Mennonites and Episcopalians Say No, for Now, to Israel Divestment – The New York Times
Two American Christian church denominations dealt a setback Thursday to a pro-Palestinian economic campaign against Israel, with one defeating a resolution calling for divestment and boycott and the other delaying a vote for two years.
The defeat of the resolution by the Episcopal Church, with 1.8 million members, and the delay on a vote by the Mennonite Church U.S.A., with 95,000 members, were welcomed by Israel supporters. Proponents of the measures said they were at least heartened that they had been debated and vowed to bring them up for votes again.
The actions came two days after a Protestant denomination, the United Church of Christ, with nearly 1 million members, overwhelmingly approved a boycott and divestment resolution that backers called a sign of Israel’s increased isolation over its treatment of Palestinians. Israel supporters denounced that approval, calling it one-sided and destructive to interreligious relations.
American church sentiment toward the pro-Palestinian campaign, known as the Boycott, Divestment and Sanction movement, is a closely watched barometer of how the protracted Israeli-Palestinian conflict is resonating in the United States, Israel’s most important ally.
The movement, known as B.D.S., has been gaining traction in the United States, alarming Israeli officials and their allies who call it an anti-Semitic attack on Israel’s legitimacy, a description rejected by many of the movement’s supporters as inaccurate and unfair.
Last year the Presbyterian Church (U.S.A.), with 1.8 million members, became the largest to approve a divestment resolution.
The Episcopal Church’s House of Bishops, at the church’s convention in Salt Lake City, rejected a resolution that would have divested its holdings in companies that do not withdraw operations from Israeli-occupied Palestinian territories. The resolution also would have obliged church members to boycott products from Israeli settlements in Palestinian lands.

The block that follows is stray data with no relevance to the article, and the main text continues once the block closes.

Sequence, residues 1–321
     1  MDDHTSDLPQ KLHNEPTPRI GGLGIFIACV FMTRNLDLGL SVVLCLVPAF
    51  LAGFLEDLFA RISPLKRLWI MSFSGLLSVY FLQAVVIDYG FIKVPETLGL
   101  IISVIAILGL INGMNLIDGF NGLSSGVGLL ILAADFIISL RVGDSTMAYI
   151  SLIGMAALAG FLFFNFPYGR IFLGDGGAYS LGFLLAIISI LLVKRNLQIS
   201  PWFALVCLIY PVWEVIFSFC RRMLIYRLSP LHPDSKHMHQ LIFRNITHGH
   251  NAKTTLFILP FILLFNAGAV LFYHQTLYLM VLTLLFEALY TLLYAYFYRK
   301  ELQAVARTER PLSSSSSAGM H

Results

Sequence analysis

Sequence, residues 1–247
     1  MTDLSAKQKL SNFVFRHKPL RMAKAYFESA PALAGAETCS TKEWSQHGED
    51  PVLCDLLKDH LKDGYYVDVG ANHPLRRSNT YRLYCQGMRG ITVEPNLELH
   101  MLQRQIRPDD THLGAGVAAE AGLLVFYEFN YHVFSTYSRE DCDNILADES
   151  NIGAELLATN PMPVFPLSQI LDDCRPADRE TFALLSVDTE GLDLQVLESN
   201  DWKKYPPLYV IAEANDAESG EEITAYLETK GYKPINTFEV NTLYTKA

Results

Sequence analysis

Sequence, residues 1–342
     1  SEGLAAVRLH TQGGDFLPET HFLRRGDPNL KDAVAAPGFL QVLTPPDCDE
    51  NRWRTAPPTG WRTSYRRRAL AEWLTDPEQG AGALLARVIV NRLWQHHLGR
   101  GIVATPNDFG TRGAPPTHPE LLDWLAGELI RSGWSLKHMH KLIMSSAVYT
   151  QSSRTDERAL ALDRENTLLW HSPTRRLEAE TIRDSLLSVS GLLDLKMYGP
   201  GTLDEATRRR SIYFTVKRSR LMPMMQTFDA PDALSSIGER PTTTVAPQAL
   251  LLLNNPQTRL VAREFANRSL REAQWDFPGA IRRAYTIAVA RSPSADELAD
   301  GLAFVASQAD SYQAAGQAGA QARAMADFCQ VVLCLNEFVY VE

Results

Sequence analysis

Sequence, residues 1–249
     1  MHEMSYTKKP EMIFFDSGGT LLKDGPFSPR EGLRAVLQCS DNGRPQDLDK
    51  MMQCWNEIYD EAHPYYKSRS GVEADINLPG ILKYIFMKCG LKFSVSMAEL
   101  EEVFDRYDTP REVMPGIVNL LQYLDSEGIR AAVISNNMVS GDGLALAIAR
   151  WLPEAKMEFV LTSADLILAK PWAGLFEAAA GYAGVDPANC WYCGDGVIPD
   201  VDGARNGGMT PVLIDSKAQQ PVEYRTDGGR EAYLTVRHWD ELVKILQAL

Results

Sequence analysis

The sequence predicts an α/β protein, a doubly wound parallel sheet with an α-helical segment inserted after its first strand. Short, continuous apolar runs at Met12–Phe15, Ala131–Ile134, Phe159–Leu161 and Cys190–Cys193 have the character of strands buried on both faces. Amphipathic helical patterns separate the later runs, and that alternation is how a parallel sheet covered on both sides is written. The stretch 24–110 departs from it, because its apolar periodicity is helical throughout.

Donna Hicks, a member of the Episcopal Committee for Justice in Israel and Palestine, who had campaigned for the resolution, said in a statement that despite the defeat, “we’re encouraged by the fact that bishops and deputies understand that this is a pressing issue, and that the discussion at this convention focused not on whether to take action, but rather what action would be most effective.”
The American Jewish Committee welcomed the defeat. “The action affirms longstanding Episcopal Church positions that rebuff B.D.S. as a tool for further Israeli-Palestinian peace,” the group said in a statement.
Earlier on Thursday, delegates to the Mennonite Church U.S.A.’s convention in Kansas City, Mo., decided to postpone a vote on a similar resolution until its next convention in 2017.
Sponsors of the resolution said it had become clear during a debate on Wednesday that a number of delegates had questions about the resolution’s scope and intent.
“I think people were speaking out of a variety of fears,” Tom Harder, a pastor from Wichita, Kan., who had helped draft the resolution, said in a telephone interview.
“I think there are folks in the denominations who continue to believe that we need to support Israel at all costs, and so a resolution that is advocating for the Palestinian people specifically and the injustices they are facing — that is a vote against Israel and against the Jewish people,” Mr. Harder said.
He said supporters of the resolution would work over the next two years to amend it in ways “that address some of the concerns that we heard.”